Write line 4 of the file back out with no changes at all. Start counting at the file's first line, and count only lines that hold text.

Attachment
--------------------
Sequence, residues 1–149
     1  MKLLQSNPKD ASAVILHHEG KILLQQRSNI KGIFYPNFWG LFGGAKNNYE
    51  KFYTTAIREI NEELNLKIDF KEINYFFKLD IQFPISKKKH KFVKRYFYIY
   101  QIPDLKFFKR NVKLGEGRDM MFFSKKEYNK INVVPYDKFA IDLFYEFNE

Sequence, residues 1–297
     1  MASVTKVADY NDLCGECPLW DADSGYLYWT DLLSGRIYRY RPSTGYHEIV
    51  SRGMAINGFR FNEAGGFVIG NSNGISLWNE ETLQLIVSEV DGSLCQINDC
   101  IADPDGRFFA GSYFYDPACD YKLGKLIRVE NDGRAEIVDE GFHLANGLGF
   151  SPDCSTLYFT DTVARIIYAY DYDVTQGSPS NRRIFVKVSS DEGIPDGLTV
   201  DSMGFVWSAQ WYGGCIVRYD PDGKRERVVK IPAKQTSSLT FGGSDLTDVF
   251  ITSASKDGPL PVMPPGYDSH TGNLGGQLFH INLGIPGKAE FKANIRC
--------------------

   101  QIPDLKFFKR NVKLGEGRDM MFFSKKEYNK INVVPYDKFA IDLFYEFNE